We know you probably don't want to give much thought to earwax whatsoever, but truth is, the gunk can actually tell you a fair amount about yourself -- and not just in a personal hygiene kind of way.
While there's a lot even the pros don't know about earwax -- like its exact purpose, for example -- there are some theories and little-known factoids worth acknowledging, for your health's sake.
1. Earwax keeps your ears from itching.
One of the practical sides of earwax is that it seems to lubricate the ears, according to Penn Medicine, the way that tears lubricate the eyes. The wax may keep ears from feeling dry or itchy.
2. It also keeps them (relatively) clean.
That waxy buildup is a sexy combo of those lubricating secretions, sloughed skin cells and dirt and dust trapped there while trying to enter your ear. But believe it or not, for the most part it will clean itself out. Every movement of the lower jaw, whether it's talking or chewing, pushes the wax toward the outside world -- no cotton swab required. In fact, trying to clean earwax can do more harm than good, if wax is pushed further into the ear canal rather than extracted. Most experts agree you should leave your earwax alone, unless you're experiencing symptoms of too much earwax, which can include hearing changes, LiveScience reported.
3. Your earwax can tell you about your sweat.
Some people produce wet earwax, while others stay dry. The white, flaky type probably means that you also lack a certain chemical in your sweat that leads to body odor. Dark and sticky earwax, however, means you'll want to keep deodorant handy.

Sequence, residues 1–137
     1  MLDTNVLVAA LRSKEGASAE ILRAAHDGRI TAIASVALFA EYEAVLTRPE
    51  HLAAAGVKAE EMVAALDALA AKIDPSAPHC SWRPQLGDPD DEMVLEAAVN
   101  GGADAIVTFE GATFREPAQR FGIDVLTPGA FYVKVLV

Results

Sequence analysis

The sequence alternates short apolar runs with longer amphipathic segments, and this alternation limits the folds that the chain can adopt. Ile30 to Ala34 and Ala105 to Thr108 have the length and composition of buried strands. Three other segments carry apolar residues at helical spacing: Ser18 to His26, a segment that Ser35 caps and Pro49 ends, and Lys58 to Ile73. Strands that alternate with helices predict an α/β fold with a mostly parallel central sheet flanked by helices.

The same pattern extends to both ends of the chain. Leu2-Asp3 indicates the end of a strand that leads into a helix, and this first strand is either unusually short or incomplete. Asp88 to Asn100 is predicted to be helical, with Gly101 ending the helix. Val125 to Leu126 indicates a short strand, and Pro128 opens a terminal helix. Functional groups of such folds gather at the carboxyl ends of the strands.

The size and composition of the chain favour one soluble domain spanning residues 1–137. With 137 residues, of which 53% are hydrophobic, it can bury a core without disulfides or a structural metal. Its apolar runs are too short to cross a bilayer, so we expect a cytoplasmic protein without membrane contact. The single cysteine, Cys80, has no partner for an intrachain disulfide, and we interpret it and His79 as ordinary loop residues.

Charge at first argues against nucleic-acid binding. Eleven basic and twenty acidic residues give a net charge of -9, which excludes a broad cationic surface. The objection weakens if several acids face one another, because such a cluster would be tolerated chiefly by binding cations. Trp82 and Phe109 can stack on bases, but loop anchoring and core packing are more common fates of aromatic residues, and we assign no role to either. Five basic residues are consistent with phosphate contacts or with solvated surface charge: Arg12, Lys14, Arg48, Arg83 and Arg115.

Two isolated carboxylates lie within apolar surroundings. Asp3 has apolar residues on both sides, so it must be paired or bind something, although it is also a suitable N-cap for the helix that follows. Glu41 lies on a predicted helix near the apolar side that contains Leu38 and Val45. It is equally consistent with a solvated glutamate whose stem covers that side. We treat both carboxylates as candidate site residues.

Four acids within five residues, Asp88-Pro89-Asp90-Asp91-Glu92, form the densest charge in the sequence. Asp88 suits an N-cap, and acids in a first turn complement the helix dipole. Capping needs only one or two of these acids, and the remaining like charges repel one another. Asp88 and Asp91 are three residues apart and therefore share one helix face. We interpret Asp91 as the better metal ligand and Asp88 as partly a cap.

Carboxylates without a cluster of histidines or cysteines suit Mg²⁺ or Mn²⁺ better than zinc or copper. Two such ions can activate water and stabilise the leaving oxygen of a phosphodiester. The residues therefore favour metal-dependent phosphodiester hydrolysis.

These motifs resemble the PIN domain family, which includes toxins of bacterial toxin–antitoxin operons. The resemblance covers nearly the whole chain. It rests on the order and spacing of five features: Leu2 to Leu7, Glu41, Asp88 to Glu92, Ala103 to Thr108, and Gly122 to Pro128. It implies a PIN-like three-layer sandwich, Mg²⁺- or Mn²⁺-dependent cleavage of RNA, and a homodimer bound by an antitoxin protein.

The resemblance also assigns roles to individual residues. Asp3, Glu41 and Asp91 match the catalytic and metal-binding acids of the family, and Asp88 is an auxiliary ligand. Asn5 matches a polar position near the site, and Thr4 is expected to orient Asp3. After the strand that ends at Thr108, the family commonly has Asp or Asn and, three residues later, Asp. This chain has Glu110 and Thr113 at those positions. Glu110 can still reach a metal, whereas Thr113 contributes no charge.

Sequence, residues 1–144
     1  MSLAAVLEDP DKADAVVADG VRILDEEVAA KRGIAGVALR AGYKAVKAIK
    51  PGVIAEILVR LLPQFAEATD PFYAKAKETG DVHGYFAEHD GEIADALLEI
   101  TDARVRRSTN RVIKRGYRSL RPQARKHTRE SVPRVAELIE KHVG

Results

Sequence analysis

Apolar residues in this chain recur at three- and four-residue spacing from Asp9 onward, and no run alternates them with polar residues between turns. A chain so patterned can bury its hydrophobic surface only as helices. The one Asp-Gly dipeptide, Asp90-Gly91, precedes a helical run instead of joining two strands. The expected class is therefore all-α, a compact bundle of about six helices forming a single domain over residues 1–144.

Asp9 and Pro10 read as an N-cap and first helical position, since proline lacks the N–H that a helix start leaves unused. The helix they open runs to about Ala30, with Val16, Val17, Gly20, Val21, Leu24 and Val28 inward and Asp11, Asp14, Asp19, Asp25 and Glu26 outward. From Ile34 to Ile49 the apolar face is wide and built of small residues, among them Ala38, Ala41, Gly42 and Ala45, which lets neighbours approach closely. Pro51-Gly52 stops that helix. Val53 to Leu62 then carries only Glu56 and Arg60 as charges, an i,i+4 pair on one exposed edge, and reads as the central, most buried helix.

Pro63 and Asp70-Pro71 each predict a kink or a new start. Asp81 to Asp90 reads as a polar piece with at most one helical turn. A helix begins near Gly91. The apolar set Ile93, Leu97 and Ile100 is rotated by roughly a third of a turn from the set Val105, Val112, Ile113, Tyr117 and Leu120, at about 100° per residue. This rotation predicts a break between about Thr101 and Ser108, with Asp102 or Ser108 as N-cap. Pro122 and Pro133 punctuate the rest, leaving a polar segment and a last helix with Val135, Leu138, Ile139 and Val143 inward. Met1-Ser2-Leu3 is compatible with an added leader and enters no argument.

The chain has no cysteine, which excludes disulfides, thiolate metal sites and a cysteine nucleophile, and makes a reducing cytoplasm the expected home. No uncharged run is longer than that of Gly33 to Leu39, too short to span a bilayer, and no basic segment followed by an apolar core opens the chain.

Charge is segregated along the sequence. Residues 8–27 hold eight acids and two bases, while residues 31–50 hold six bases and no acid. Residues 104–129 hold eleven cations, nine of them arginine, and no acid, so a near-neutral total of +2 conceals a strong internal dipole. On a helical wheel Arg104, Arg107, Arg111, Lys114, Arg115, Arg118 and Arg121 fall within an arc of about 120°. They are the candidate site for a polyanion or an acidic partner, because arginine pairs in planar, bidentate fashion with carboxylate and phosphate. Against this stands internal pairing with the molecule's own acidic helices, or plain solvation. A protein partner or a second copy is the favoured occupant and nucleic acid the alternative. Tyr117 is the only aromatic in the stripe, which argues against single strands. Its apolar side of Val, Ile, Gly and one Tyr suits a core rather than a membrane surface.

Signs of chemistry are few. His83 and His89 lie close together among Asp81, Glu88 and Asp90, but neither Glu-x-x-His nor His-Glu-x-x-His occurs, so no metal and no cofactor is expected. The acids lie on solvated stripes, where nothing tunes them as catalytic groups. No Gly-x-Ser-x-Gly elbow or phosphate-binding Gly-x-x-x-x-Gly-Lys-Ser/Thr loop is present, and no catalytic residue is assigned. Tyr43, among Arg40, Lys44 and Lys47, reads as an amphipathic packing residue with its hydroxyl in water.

4. Earwax varies by race.
That dry versus wet distinction may have something to do with your ancestors, according to a recent study. Monell Center researchers found that, like with sweat, chemical compounds in earwax differ between the races, and the molecules that produce an odor are generally higher in Caucasians than in East Asians.
5. Stress or fear can increase earwax production.
The glands in the ear that help to secrete wax are a class of glands called the apocrine glands, which are also responsible for your smelliest sweat. Just like stress can make you sweat more (and smell worse), it (along with other strong emotional responses, like fear) can also up your earwax production, according to the American Speech-Language-Hearing Association.
6. Ear candles are a big no-no.
If we're going to swear off the cotton swabbing, let's also banish the idea that burning a candle in the ear will effectively and safely remove excess earwax. The FDA warns that not only can ear candles lead to burns, they may also block the ear canal or perforate the eardrum. If you're really concerned about cleaning out the buildup, let some warm water wash over and into your ears in the shower every so often, HuffPost Healthy Living's Laura Schocker reported in 2011. That's usually enough to warm and loosen even the most stubborn wax.